When we were in Venice recently, I realised that if one were going to choose a facial feature to represent the Venetians, it would have to be the eyebrow. Eyebrows in Venezia are a constant source of admiration and wonderment.
There is an Italian tendency to be dark-haired and hirsute and - whilst some, usually elderly, gentlemen sport tangled outcrops above their eyes that are occasionally long and thick enough to constitute a single thorny hedgerow - the common consensus appears to be that eyebrows demand constant tinkering and tailoring.
It is a process that takes its artistic inspiration from Venice’s proliferation of bridges and eyebrows tend to lift, arch and double-span the human face much as their masonry counterparts cross the City’s canals with varying degrees of height, breadth and steepness.
From the elderly Contessa with her lacquered mane of silver hair and her outsize Dolce & Gabbana spectacles to the wasp-waited youth with his low-slung Versace jeans and Missoni scarf, from the Prada-wearing, jewellery-jangling socialite tottering across uneven flagstones on perilous heels to the crisply pressed, white-jacketed waiter delivering Bellinis in Harry’s Bar, eyebrow maintenance is de rigeur.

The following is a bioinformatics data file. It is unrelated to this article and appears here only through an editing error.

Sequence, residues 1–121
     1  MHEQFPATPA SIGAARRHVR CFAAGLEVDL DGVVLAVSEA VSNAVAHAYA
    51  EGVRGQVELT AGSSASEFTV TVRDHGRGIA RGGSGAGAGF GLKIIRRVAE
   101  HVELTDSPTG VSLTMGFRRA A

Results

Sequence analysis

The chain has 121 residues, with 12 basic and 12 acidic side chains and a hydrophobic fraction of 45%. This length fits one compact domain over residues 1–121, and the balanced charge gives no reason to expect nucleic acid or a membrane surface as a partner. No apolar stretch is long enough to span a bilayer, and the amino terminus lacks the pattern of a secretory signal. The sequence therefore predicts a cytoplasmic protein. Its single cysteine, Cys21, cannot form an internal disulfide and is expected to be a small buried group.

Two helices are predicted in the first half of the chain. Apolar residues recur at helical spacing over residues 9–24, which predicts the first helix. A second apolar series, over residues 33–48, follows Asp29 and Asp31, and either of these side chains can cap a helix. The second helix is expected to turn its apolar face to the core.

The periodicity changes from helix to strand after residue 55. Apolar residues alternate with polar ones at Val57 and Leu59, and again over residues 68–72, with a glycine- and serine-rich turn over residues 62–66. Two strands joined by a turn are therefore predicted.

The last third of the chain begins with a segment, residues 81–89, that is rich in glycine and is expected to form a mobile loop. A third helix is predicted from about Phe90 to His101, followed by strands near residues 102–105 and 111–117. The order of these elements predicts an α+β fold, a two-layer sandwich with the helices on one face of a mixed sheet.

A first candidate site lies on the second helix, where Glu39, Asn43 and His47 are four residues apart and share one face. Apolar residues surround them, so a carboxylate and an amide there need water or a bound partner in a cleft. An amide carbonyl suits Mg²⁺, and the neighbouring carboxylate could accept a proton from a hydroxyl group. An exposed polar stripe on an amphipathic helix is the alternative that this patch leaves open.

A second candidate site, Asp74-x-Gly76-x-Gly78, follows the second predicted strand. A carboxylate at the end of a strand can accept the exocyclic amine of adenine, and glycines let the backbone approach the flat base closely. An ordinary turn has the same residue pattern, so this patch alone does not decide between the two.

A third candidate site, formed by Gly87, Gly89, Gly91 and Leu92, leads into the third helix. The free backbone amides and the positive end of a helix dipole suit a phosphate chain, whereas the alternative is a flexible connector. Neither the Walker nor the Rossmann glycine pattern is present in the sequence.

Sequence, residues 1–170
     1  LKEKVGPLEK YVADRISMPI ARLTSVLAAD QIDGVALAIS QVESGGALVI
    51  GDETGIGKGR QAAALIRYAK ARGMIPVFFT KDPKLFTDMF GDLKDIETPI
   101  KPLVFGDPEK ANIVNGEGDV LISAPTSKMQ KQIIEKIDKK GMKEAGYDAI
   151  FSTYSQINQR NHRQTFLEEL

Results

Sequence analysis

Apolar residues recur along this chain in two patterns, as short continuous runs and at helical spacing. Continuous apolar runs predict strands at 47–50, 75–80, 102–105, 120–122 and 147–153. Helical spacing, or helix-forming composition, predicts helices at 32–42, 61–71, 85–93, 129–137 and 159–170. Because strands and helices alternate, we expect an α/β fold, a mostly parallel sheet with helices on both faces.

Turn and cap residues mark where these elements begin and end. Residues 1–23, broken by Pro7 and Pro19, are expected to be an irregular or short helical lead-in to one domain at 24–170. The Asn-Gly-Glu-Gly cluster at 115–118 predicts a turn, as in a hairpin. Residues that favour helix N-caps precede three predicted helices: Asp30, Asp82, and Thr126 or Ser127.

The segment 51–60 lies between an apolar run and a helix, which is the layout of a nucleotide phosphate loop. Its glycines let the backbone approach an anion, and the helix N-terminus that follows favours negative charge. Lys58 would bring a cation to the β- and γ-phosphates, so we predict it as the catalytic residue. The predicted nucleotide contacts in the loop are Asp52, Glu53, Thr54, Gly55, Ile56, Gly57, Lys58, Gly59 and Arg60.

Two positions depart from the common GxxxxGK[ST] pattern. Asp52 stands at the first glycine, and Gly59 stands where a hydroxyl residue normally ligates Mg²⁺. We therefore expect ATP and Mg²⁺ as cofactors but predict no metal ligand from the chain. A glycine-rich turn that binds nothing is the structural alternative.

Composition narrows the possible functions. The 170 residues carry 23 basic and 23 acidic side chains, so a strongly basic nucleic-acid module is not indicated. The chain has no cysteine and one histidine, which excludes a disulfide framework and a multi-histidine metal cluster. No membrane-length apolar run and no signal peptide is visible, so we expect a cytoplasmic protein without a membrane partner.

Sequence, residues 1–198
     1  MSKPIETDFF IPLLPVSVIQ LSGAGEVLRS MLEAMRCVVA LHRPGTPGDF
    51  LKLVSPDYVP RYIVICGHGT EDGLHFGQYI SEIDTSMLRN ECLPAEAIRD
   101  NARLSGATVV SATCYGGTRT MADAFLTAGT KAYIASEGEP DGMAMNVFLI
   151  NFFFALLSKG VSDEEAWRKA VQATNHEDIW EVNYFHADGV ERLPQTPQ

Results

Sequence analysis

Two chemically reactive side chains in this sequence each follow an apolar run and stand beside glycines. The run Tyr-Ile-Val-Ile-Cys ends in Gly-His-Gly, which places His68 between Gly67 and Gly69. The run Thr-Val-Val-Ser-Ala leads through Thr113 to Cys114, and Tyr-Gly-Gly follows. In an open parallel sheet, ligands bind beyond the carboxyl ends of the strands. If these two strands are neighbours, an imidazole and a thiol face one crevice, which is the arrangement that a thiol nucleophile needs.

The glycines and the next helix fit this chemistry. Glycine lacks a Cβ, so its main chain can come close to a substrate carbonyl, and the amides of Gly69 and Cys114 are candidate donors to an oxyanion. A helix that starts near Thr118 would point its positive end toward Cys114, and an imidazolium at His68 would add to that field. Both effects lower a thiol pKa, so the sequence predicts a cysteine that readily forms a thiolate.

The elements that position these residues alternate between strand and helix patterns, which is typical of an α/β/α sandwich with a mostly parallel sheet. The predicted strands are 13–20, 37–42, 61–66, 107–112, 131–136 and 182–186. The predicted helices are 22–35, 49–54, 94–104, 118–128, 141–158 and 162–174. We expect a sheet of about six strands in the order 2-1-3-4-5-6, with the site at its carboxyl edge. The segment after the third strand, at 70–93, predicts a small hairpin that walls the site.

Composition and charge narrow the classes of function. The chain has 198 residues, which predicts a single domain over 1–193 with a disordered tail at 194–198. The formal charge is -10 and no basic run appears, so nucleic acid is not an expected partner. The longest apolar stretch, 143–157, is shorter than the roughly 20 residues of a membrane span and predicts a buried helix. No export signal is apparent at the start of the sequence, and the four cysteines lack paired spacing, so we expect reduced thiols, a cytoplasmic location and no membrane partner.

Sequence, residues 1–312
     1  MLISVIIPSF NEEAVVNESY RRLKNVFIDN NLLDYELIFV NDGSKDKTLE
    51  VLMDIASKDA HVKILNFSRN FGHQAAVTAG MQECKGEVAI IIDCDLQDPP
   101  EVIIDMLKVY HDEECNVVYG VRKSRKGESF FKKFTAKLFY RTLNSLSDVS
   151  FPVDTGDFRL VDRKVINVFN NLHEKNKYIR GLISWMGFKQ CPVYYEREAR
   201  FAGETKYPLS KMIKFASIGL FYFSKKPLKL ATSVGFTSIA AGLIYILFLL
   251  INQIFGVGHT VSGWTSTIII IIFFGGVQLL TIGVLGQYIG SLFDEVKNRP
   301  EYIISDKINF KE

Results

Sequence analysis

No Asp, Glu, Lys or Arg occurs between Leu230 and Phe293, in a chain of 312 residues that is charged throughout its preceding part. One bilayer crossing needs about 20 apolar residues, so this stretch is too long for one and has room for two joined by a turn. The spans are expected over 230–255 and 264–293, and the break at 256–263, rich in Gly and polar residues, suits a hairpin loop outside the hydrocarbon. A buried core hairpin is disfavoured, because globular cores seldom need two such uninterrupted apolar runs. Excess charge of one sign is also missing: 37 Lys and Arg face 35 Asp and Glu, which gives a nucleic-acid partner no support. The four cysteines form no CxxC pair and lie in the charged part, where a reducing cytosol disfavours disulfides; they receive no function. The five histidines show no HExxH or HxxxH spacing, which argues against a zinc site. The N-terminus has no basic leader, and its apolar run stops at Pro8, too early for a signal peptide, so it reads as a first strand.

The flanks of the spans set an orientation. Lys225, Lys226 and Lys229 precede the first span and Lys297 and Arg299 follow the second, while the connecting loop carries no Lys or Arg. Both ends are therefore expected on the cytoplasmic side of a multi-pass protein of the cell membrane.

They are universally shaved, shaped, cut, cropped and cultivated, trimmed, tapered and truncated, extended, extrapolated and espaliered, pruned, plucked and prinked and, sometimes even totally demolished and recreated with pencil line or paintbrush stroke.
© Brian Sibley, 2007; Image: © David Weeks, 2007